By: David Davies
Tuesday, March 7, 2017 - 3:23 pm
The recent Eredivisie league match in the Netherlands between Feyenoord Rotterdam and PSV Eindhoven – which resulted in a 2-1 victory for Feyenoord – provided an occasion for FOX Sports to trial its new virtual camera system. Designed to put Dutch football fans in the heart of the match as never before, the footage was available online via FOX Sports 7 and social video platform Twitch.
In development for more than a year, the system was created in partnership with Beyond Sports and ChyronHego. The project has had three primary objectives: live integration of a virtual camera in a regular football broadcast, with a camera operative who is ‘flying’ in a virtual stadium; analysis in the studio in VR; and the live stream of an automatic camera that moves with the ball and players.
The starting point, recalls Henk van Meerkkerk, Head of Production FOX Sports in Holland, was wondering “what would happen if you sent data from the TRACAB [ChyronHego advanced camera-based player and ball tracking] system to the graphics engine. It would enable you to know the position and the speed of the players, allowing you to add animation to it and create a virtual live stadium.”
The initial tests were conducted in early 2016 and attracted “very positive comments” from football fans. Further refinements were made, as a result of which it was also possible “to do some replays as well”, says Meerkkerk.
For the Feyenoord and PSV match, the TRACAB system sent all the data on the game via FTP to the FOX Sports studios, “where the graphics engine recognises the data [it can] and automatically creates an animation in line with the live data. But because we wanted to make it look better, and since the system does not recognise the kicking of the ball or a goalie diving, for example, we prepare all kinds of animations [in advance].”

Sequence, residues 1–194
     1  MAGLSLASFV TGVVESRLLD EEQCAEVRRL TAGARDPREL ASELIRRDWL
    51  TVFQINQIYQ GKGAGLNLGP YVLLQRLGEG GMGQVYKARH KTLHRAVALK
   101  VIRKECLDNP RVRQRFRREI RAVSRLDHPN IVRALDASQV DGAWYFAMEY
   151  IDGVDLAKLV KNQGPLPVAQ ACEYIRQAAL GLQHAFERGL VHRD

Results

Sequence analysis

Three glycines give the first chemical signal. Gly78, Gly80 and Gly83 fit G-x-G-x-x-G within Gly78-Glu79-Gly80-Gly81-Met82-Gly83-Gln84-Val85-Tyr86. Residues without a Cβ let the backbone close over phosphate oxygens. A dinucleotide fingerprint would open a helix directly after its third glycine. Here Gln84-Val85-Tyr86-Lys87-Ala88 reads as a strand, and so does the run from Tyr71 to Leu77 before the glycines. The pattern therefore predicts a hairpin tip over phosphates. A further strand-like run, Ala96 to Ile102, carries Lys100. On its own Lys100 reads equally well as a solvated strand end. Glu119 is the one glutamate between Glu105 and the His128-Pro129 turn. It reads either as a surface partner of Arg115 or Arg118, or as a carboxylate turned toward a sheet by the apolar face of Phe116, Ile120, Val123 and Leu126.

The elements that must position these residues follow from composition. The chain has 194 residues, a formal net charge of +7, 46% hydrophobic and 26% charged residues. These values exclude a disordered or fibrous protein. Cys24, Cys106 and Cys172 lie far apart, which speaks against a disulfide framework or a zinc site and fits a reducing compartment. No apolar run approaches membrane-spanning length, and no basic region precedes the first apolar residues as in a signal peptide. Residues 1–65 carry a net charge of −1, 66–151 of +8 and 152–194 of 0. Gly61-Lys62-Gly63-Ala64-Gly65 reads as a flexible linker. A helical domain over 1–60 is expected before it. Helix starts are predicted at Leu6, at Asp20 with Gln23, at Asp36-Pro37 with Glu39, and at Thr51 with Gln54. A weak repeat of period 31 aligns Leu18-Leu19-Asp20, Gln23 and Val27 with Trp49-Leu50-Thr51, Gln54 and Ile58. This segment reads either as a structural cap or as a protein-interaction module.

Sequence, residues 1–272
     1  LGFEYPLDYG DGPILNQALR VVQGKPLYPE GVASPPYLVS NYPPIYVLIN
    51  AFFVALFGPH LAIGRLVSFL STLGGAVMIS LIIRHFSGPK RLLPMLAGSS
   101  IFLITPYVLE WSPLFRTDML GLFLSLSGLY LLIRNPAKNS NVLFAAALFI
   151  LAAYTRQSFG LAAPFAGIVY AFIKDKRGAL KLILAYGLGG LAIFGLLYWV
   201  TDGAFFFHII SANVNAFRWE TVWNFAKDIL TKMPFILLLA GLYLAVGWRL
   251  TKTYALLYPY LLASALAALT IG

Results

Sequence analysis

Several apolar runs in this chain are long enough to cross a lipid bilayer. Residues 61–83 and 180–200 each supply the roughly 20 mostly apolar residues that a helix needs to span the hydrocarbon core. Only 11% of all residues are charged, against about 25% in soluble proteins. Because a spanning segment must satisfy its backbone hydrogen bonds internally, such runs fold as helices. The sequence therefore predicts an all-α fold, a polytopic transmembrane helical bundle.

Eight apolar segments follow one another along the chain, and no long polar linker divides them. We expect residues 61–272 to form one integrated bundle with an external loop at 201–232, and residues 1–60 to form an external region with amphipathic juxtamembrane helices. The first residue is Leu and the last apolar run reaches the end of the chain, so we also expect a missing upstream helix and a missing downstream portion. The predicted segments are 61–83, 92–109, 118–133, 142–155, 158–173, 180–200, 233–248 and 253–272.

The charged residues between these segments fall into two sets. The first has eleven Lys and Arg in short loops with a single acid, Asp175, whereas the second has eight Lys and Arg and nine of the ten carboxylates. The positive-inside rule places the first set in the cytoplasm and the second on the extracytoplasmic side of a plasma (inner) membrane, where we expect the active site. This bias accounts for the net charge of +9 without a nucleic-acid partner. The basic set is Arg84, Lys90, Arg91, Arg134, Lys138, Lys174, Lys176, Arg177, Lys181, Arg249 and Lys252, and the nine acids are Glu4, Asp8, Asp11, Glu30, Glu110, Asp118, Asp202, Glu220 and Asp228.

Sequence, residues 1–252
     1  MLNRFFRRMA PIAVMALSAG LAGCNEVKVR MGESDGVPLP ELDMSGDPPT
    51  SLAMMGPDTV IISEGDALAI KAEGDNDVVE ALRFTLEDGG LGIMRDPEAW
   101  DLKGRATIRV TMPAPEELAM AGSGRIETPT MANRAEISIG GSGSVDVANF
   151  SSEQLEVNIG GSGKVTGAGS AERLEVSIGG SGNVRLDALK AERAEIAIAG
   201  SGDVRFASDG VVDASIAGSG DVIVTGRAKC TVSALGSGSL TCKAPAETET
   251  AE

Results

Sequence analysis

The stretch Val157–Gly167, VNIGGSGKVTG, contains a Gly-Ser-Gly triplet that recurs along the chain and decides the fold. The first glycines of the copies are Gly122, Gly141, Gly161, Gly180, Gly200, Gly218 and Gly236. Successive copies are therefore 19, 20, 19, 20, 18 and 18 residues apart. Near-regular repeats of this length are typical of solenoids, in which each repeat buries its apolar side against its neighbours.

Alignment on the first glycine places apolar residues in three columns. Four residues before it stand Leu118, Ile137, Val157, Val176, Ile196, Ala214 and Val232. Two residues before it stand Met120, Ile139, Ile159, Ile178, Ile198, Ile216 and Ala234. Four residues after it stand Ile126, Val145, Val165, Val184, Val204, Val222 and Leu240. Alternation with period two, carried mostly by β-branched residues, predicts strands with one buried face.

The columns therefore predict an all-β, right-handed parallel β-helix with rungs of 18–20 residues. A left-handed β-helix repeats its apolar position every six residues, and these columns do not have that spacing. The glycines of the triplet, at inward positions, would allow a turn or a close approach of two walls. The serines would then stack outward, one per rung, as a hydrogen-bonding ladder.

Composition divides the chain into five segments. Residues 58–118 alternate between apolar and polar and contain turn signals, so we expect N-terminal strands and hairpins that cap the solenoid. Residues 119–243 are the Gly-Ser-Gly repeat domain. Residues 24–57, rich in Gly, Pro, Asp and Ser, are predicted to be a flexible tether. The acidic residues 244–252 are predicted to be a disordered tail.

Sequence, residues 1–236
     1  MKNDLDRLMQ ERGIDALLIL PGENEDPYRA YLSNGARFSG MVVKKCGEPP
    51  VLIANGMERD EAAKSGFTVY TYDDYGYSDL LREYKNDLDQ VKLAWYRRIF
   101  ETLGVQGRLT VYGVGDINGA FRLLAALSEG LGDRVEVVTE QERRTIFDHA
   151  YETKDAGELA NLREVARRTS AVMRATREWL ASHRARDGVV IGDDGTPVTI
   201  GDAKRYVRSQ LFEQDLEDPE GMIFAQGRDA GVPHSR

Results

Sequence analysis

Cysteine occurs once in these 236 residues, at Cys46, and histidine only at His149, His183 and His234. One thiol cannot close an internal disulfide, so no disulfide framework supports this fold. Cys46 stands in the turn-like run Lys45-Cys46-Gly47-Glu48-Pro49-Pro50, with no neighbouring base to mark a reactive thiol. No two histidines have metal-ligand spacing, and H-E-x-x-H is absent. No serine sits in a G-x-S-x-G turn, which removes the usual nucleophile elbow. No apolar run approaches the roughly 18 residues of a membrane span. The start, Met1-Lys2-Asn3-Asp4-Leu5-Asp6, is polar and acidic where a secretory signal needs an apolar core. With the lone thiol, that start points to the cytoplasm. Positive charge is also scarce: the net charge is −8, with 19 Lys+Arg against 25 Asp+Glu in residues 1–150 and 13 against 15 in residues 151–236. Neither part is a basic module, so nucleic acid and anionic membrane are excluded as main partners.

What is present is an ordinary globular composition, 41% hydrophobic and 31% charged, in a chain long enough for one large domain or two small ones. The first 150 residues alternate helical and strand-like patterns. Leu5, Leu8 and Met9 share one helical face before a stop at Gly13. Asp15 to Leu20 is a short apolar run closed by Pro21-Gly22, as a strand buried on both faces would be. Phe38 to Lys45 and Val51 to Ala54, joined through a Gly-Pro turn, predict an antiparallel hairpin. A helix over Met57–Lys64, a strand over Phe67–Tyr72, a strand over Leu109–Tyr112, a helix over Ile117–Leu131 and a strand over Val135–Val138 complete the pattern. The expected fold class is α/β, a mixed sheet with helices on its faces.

Two versions of the virtual camera feed were created – one with a delay of four frames, and the other with a delay of 15 seconds, allowing the remaining data “to be filled in by the computer”. The latter was used for the online channel FOX Sports 7 (complete with bespoke commentary) and the social video platform Twitch. Viewing figures on the former were in the region of 6,000, while Twitch viewership was a little short of 20,000. Factor in all ‘traditional’ outlets and the total Dutch viewing figure for the game stood at 826,000.
Van Meerkkerk says the trial “went extremely well; we were very happy with the way things worked out. We had a few problems with the confetti on the pitch, which meant the automatic camera had trouble recognising the ball on occasion as it seemed as if there were a lot of balls on the pitch! It was a very fast game, so as the match went on it became clear that we [would not be able to put out the virtual camera feed as live], which was a bit of a pity.”
But as well as being made available with a delay, it was also accessible to the analysts in the studio in a full VR representation. Even with everything working as planned, the viewer at home “will still only be watching in 2D [on their TVs], and it is clear that the only way they can really get to experience what the analyst in the studio is doing is via the creation of a FOX Sports VR app for the consumer.”
The virtual camera continues FOX Sports’ tradition of innovative production methods, including a cameraman jumping from a helicopter, the match ball being delivered with a base jump, and images of the players’ entrance at Feyenoord/Ajax being conveyed in footage all over the world.